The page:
|The SD52 website still features the class|
photo from the 2014 School Board
election, despite the fact that Trustee
Judy Carlick-Pearson resigned her position
in the fall of 2015
However for the elected members of the School District 52 Board, there is one large issue that remains unresolved from last November, with the Board yet to announce how they will fill the empty seat around their table that has been vacant for almost one year.
Last week School District 52 released some notes on their first meeting of the new school year held last Tuesday and while they covered a number of topics ranging from Transportation, the launch of the new school year and Capital Budget planning, they did not indicate what plans, if any, that they may have to hold a vote to fill the now long vacant seat on the elected board.
To refresh the memory, the Board found itself one person short in the fall of 2015 after Trustee Judy Carlick-Pearson resigned her seat, a process that should have been taken care of quickly by way of a by-election.
That however became a rather long running issue, with the School District and City Council never quite coming to an agreement on how to approach the election process and the cost that would be required to deliver the goal of a full complement at the School Board level.
The situation dragged on through the winter and spring and seemingly became less of an urgent issue for the School District as summer vacations arrived and everyone took a break for the months of July and August.
A little tutorial on that meandering path of the last year that has yet to lead to a ballot box for parents, guardians and other interested residents can be found below:
June 21 -- SD52 sets schedule for Board meetings for next year, but no update on plans to fill vacant seat
May 16 -- School District says City of Prince Rupert to review trustee by-election issue
April 18 -- SD52 to hold talks with City of Prince Rupert on by-election concerns and other issues
February 17 -- SD52 not impressed with City's by-election plans and cost
February 9 -- Council set to approve Electoral Officers, set in motion SD52 by-election process
January 29 -- Plans in motion to move forward with School District 52 by-election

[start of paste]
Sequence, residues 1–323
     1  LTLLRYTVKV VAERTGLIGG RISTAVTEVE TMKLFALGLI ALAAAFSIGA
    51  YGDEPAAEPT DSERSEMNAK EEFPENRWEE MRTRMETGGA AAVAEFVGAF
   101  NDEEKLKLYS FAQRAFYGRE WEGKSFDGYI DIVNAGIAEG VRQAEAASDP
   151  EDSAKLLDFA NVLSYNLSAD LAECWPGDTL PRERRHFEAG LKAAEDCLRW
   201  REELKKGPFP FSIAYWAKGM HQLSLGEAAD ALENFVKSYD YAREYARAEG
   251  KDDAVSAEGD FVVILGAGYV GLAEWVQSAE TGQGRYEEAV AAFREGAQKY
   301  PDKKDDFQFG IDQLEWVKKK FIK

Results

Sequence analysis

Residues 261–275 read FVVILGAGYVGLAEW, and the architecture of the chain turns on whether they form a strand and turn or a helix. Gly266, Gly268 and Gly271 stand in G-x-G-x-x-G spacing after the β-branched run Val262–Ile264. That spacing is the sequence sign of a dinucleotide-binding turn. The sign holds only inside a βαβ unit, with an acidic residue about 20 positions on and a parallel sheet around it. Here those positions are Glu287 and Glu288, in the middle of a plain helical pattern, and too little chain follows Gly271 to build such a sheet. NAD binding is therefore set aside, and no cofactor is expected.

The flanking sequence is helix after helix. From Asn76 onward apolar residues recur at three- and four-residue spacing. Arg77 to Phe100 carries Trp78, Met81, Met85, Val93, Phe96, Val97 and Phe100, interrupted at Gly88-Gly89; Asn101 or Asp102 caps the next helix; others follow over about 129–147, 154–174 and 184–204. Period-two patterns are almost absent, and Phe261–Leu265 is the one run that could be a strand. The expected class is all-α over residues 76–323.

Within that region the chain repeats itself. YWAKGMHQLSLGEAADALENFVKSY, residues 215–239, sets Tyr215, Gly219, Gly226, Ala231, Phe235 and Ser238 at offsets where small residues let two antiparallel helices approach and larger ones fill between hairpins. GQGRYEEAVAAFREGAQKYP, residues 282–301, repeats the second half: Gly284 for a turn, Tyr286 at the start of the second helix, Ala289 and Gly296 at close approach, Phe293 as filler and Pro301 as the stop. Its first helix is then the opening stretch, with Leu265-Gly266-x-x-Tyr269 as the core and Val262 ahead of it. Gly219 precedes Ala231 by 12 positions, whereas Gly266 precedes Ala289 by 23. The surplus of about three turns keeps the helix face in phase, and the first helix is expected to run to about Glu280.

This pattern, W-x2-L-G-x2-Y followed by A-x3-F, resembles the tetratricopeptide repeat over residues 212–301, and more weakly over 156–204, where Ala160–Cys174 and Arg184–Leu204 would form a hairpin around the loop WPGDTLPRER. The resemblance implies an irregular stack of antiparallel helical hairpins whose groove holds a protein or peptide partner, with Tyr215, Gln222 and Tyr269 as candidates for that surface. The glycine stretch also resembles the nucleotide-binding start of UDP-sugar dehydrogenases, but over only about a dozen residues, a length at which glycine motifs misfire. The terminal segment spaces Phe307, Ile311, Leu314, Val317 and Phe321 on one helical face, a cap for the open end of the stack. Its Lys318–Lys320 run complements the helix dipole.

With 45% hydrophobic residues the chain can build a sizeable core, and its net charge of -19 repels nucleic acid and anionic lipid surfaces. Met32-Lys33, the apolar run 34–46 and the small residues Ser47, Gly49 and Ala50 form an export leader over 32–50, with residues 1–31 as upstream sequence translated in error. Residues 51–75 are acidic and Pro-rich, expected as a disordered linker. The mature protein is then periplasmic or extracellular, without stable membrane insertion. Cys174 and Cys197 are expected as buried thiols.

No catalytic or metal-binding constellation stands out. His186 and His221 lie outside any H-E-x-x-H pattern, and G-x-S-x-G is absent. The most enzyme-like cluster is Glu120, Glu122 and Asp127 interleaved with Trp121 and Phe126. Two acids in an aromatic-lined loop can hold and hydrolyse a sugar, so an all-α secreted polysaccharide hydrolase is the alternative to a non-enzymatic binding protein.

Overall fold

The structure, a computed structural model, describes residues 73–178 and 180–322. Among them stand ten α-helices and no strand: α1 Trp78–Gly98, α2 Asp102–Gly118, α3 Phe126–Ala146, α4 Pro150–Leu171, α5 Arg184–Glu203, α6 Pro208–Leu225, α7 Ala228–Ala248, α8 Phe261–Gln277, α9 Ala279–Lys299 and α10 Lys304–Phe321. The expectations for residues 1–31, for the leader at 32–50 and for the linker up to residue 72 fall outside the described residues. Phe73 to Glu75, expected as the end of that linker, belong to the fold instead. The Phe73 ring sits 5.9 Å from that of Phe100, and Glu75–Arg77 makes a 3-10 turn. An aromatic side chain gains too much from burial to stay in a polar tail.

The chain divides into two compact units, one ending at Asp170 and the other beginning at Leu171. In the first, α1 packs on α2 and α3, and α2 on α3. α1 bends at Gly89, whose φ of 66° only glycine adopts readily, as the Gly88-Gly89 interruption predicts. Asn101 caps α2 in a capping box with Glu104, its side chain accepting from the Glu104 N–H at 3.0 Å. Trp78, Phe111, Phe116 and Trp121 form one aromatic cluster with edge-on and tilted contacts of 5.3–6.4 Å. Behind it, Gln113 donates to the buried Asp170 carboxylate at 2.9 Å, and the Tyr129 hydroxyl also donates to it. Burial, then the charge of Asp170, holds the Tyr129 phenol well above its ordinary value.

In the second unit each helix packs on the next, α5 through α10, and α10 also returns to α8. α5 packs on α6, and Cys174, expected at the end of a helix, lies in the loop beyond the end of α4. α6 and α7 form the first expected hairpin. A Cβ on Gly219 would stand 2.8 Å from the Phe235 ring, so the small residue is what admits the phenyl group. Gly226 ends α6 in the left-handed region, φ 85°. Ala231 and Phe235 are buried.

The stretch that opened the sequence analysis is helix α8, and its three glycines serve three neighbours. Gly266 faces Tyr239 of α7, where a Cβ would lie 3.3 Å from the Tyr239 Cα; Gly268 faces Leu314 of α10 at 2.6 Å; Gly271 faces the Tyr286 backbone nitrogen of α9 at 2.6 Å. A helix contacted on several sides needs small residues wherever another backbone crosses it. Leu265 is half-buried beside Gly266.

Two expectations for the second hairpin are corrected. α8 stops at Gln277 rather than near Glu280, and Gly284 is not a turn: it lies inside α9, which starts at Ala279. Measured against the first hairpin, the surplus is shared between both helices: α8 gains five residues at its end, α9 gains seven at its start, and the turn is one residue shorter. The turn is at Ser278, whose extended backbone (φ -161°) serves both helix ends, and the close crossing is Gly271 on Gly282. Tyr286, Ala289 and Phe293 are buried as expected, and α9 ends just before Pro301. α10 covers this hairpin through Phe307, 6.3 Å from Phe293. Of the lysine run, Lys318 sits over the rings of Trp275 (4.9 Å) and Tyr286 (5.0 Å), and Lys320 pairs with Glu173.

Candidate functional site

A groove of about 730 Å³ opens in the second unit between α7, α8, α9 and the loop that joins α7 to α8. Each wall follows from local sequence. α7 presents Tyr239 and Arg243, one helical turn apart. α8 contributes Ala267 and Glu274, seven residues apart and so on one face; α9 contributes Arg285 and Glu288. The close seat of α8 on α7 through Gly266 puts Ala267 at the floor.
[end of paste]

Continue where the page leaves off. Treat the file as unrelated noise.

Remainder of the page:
January 18 -- School District 52 to seek counsel of Ministry of Education over City's by-election delay
December 11-- SD52 and City of Prince Rupert to work towards Board of Education By-election
November 19 -- Judy Carlick-Pearson steps down from School District 52 Board
With school back in session for a new academic year, it is time for the School District to either resolve the situation once and for all, or explain to parents why they have yet to provide for full representation and advocacy for the students of the region.
If nothing else, School District officials should outline for the public just what have been the road blocks that have been put in the way over the last twelve months when it comes to filling the vacant seat.
|Still no indication from SD52 as to|
when the will fill the now almost one
year vacancy on the Board
The theme of replacing elected School Districts with a larger administrative board is a topic that comes up from time to time across British Columbia, as the Province and the Ministry of Education looks to find ways to deliver funding and programs to the education system.
One concept was recently offered up by the Prince George Citizen, which suggested what would no doubt be a controversial approach when it comes to oversight on education across Northern British Columbia.
The Editorial page item provided some background on some recent history when it comes to education in the province, focused on how School Boards have had their authority reduced over the years, leaving the process to the point that there is really little for the School Boards to do.
In the Editorial from Neil Godbout, the author floats the idea of of phasing out the current School Board system and instead creating a regional authority much like which exists for Northern Health, removing much of the bureaucracy of the individual School Districts and in effect creating one Super District for the entire Northern region.
The pros and cons of such a concept are outlined as part of the piece and the impact on smaller communities such as Prince Rupert is something that is mentioned. With particular attention offered up towards the the amount of administrative jobs that might be reduced if such a project was to be ever installed across Northern British Columbia.
The full editorial submission on the theme of failing School Boards can be reviewed here.
For many on the North Coast the idea of surrendering oversight on local school board planning and decision making probably would be a non starter for any conversation. Many parents might be just a little bit leery of the idea that appointed Board officials in Prince George would be aware of local issues that create challenges far from the head office.
Yet by kicking the vacant seat issue down the road as often as the SD52 trustees have to this point, they may be making the case for considering such a drastic shift in approach when it comes to the education system for the region.
If the local School Board can't find a way to ensure that its full representation is in place after a year of dithering on the issue, some might suggest that the option of replacing the entire system may have some merit.
You can review more items of interest related to School District 52 from our archive page here.